Annie is a show that can be put on adequately by any reasonably competent group, but so much is good about it that it really flies in the hands of a company brimming over with talent, enthusiasm and technique: a company like Swish of the Curtain, in fact. It is a ludicrous story – sweet little orphan sees nothing but good in everything, gets to meet Franklin Roosevelt and, by singing to his cabinet about how the sun will come out tomorrow, is the real inventor of the New Deal – but somehow its daftness is part of and even accentuates its charm.
During the eight performances, four groups will play in two each and two groups will play in four each, while some parts are played by the same actor or actress throughout the run. A reviewer can only comment on the performance he sees, and no doubt Carenza Burt is an excellent Annie, but on the night I went, the title role was played by Kyra Partridge. It is a huge responsibility, virtually holding the whole show together, but twelve-year-old Kyra carries it off with great aplomb. She handles dialogue well and belts out the songs, including a pitch-perfect ‘Tomorrow’: a much harder song to sing well than it sounds. Some Annies are saccharine-sweet and yukkily precocious, but Kyra skilfully avoids this trap, while still creating a thoroughly likeable character.
As her saviour, Oliver Warbucks, Ollie Slee maintains his authority throughout and also has a particularly pleasant singing voice. His secretary, Grace, is a sweet character and Sammy Toms (sharing the part with Tempest-Rose Bailey) conveys both her efficiency and her affection for Annie. Lewis Edgar (alternating with Harvey Walsh) brings lots of energy to the scheming Rooster, while Arthur Janes camps it up as the butler, Drake, to his and the audience’s great enjoyment.
The show is nearly stolen by Charlee Crutcher as wicked Miss Hannigan, wardress of the orphans’ home. She is a seriously accomplished actress with a gift for comic timing and can also deliver a song, as she shows with ‘Little girls’. The group of younger actors playing her charges on the night I went did a fine job, simply by bringing to the stage a bubbling over of enthusiasm and enjoyment. One of the orphans, Molly, will be played by three actresses across the run (it would have been four, but one of them was called into the West End run of Andrew Lloyd Webber’s latest musical); if nine-year-old Gabrielle Parsons can bottle the stage presence she showed as Molly the night I was there and bring it out whenever needed, she has a bright career ahead.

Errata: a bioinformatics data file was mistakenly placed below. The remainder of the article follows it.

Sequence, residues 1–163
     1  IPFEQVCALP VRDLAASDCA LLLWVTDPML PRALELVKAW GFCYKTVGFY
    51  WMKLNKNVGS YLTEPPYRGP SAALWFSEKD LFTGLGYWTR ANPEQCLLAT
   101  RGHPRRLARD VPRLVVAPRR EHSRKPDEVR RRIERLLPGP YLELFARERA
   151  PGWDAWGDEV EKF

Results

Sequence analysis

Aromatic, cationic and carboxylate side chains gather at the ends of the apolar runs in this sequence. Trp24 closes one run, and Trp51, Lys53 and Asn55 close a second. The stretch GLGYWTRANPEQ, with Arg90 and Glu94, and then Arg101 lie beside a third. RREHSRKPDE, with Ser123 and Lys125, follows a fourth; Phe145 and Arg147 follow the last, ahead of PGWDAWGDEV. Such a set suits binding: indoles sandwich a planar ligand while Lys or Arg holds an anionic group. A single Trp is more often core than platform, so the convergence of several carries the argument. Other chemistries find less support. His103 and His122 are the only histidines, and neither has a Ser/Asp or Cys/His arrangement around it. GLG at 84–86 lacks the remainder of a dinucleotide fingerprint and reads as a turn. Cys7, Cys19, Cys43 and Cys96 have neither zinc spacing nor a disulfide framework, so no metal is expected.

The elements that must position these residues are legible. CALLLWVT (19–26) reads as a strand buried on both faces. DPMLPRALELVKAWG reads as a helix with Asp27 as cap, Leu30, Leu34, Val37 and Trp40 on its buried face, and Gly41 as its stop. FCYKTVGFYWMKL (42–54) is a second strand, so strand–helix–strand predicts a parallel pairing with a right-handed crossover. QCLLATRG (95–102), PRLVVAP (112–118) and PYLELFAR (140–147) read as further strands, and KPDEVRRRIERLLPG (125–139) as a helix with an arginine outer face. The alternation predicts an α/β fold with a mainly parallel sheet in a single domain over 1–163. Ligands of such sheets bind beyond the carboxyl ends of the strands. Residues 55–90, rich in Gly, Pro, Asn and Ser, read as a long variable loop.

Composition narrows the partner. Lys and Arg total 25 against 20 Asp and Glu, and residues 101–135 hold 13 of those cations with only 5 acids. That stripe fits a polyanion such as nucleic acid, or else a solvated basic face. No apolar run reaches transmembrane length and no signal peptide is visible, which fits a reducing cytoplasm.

Director Tina Witham has not only achieved a logistical miracle in bringing so many elements together, she gives us a production full of movement and interest. Caroline Barnes’s choreography is imaginative and precise, especially for the older performers in numbers like ‘I think I’m gonna like it here’ and ‘NYC’, but the younger ones have their moment with ‘You’re never fully dressed without a smile’; the principals dance notably well, too.
The band under Jonathan Prentice is excellent, but is part of my one criticism of the show: it too often drowns out what’s happening on the stage. This is particularly bad when it is playing over – that should be ‘under’, of course – dialogue. Much of the opening scene is completely inaudible, including the splendid ‘It’s the hard knock life’. The under-rated ‘Something was missing’ is beautifully sung by Ollie Slee as Warbucks – I think, but I can’t be sure because I caught one of his notes to ten of the band’s. No sound designer is credited in the programme but he or she should get together with the musical director fast and sort it out for the rest of the run. It makes one heart bleed that this technical failing so badly lets down the efforts of the children and young adults on stage, who are working their socks off to give us what in every other respect is a terrific show.
Future performances: 17-19 February at 2.00 and 7.30.